The June 2012 Supreme Court decision on the Affordable Care Act (ACA) was a much divided 5-4 ruling finding the ACA to be constitutional. This will be critical for all players in the healthcare industry to follow closely.
The law is intended to increase insurance coverage and make the health care system more accessible to more citizens. However, it leaves the majority of private health care in the hands of the medical insurance industry which is a behemoth of red tape and copious amounts of paperwork that is required of pharmacies, physicians and hospitals alike.
Part of the ACA is the establishment of a committee to propose cost-saving legislation to Congress and to create new payment systems that are expected to control costs. However, the legislation will take years to enact, and these simplifications of the complex healthcare system are not guaranteed. Any newly created regulations will be expensive to enforce and maintain and could possibly offset any lower costs that would be passed on to consumers.
With ACA, healthcare companies will see more individuals covered by healthcare insurance and will lead to more transactions as more citizens are accessing medical care and buying needed prescriptions. Insurance companies and retailers will have larger databases of clients to be reconciled.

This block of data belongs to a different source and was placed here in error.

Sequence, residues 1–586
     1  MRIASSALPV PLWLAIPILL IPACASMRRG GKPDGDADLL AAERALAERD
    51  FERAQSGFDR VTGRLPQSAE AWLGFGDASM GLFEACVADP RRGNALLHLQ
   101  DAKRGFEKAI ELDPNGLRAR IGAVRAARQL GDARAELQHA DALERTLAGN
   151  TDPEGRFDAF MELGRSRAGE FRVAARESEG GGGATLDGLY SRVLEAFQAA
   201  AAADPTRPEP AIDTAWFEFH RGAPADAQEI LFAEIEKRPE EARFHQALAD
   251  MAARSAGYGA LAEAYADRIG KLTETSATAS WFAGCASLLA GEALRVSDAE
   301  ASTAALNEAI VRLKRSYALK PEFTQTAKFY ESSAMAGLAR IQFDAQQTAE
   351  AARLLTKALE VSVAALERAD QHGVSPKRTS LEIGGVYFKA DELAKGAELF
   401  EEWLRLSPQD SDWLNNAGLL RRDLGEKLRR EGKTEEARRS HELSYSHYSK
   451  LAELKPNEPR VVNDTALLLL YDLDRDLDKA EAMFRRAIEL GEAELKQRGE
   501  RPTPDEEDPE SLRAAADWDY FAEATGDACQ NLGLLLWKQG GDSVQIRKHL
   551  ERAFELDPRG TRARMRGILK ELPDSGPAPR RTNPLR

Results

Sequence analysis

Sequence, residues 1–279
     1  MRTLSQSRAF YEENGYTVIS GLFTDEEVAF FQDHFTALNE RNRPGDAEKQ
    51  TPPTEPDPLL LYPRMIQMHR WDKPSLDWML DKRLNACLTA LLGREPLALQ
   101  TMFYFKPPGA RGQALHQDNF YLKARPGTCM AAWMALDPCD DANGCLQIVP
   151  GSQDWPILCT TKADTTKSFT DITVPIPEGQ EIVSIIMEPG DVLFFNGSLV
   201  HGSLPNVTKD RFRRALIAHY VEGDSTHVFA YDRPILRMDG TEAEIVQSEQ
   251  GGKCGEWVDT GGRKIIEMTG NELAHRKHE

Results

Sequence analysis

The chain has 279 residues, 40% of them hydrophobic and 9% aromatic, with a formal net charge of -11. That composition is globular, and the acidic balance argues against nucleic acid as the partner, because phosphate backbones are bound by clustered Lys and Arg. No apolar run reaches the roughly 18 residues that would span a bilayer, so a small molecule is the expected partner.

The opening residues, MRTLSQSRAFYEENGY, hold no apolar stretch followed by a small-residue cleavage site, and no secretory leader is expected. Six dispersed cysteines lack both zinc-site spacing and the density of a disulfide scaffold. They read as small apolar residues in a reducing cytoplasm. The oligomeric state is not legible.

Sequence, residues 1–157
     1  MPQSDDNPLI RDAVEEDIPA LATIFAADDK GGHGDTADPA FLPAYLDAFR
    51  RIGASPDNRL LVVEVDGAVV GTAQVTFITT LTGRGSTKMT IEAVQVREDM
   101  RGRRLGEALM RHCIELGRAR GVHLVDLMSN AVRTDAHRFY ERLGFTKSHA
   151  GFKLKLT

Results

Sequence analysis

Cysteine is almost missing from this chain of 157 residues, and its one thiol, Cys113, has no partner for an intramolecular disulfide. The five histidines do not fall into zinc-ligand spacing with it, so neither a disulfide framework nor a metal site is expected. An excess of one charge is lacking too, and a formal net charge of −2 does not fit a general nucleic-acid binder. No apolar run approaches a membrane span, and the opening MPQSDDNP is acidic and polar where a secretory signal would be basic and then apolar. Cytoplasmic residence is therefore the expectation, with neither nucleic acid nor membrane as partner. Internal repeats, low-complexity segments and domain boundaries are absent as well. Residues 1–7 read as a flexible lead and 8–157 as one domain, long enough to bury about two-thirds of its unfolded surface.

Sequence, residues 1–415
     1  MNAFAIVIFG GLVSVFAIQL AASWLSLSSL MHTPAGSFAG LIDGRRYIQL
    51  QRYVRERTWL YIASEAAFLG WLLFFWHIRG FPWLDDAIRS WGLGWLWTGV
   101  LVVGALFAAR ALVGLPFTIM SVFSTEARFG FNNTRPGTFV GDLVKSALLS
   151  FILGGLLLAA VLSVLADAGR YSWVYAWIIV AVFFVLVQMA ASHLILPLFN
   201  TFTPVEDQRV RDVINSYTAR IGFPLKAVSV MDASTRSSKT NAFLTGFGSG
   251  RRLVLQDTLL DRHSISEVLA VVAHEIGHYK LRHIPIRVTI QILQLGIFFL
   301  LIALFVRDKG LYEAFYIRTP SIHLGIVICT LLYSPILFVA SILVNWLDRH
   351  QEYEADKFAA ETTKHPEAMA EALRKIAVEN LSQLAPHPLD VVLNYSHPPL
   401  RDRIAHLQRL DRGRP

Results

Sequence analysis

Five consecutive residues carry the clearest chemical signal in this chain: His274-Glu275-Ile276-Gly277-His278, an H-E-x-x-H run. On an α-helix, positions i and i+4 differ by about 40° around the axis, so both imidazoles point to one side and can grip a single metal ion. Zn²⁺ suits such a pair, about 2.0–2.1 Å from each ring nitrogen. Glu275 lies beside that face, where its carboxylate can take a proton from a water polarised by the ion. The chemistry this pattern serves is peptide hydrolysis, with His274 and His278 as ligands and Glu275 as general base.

Many opponents of ACA see the country moving to a single payer system as being a potential downside of the legislation. While this would theoretically simplify reimbursement, the complexity of healthcare will require many transactional services as this system can never be made simple.
Another part of ACA is the move to pay-for-performance as opposed to the traditional fee-for-service healthcare. Healthcare providers that can document the best patient outcomes and overall net reduction in healthcare costs will be reimbursed at the highest and best rates. This is an opportunity for healthcare providers to find savings and use reconciliation services to ensure they are receiving full credit for their service.
The ACA will continue to change the landscape of the healthcare industry just as it has changed the political landscape. With the legislation being implemented over several years, the impact on all of the players in this field will be felt for years to come.